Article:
With Trello, you can create multiple different “Boards,” each one completely customized to your needs. Within the Boards, you can create as many “Lists” as you want, which are basically vertical columns that are focused on a particular type of task. Within each List are “Cards,” each of which contains one task and all the information you need to accomplish that task. Every individual and every team will use Trello differently — and you may even find that you use it differently depending on what type of project you’re tackling. One of the beauties of Trello is that you can create multiple different Boards and customize each one, so you can create the perfect visual layout and workflow for each of your unique goals.


My Trello Board Template for Achieving Your Goals


Though there’s an endless variety of possible configurations for Trello boards, I’ve developed one in particular that I find to be helpful for visualizing goals. Because it’s been so helpful for me and for my clients in terms of visualizing and achieving goals, I created a free Trello board template that you can use to turn your goals into reality.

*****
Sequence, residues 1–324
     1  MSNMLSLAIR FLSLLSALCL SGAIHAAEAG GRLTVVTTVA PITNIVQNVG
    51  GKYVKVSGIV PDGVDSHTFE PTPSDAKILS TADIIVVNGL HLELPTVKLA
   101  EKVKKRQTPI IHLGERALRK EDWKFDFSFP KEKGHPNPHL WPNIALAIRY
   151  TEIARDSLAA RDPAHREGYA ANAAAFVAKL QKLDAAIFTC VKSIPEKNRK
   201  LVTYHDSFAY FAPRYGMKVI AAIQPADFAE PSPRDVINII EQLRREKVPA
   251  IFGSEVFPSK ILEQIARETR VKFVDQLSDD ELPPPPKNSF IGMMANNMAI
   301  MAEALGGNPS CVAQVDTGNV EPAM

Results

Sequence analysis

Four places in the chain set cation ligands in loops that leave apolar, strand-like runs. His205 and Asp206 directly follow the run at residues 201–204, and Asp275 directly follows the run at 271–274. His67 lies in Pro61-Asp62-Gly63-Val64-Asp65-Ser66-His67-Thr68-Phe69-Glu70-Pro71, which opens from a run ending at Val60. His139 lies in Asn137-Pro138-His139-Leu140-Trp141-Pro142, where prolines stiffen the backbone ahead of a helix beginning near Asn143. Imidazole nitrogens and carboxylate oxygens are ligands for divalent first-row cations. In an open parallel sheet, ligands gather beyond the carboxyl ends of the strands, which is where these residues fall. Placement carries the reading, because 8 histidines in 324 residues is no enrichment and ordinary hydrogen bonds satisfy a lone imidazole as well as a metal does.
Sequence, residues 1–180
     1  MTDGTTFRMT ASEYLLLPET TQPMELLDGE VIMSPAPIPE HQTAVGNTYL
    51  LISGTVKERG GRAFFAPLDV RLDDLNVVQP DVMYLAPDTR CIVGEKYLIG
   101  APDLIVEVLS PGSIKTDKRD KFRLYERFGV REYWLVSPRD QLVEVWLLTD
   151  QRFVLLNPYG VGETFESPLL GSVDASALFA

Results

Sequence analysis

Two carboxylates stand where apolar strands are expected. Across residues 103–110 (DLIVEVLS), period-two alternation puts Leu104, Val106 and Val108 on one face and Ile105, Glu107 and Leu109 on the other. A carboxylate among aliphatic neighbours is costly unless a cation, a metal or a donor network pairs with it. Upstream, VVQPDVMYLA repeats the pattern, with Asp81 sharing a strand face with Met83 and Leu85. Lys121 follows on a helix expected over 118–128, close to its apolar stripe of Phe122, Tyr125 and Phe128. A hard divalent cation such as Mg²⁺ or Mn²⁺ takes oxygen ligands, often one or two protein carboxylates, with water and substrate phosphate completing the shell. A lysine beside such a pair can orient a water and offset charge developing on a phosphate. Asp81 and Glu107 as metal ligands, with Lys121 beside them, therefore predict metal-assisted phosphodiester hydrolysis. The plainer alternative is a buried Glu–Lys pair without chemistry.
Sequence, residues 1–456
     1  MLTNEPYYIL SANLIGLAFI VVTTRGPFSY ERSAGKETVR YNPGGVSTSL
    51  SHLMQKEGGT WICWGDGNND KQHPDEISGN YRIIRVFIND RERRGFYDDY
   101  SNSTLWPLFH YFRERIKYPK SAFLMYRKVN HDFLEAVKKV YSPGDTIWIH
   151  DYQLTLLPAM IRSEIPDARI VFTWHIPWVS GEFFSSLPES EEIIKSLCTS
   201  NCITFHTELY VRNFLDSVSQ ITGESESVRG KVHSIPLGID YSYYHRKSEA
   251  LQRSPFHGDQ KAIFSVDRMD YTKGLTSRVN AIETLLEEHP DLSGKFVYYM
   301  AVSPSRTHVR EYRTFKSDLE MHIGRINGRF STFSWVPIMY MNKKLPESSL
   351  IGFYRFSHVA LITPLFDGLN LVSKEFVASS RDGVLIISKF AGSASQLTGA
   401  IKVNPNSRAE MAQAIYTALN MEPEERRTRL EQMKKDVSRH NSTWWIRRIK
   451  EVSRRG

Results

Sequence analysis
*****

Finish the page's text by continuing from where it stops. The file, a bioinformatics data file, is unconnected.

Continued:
You can access the Trello board template here. Here’s a quick explanation of the different lists on the board and how to use them:


  • Inbox: This is where to put tasks as they come to you, to make sure nothing gets lost. Everything in this column needs to be looked at, addressed, and moved to another List.
  • Planned: This is where to put tasks once you’ve made a plan to accomplish them.
  • Up Next: This is where you put all of your upcoming tasks, in order by date. That way you won’t get overwhelmed by the number of tasks, because it will always be clear which task you need to focus on next.
  • In Progress: This is where you put tasks that you are currently working on.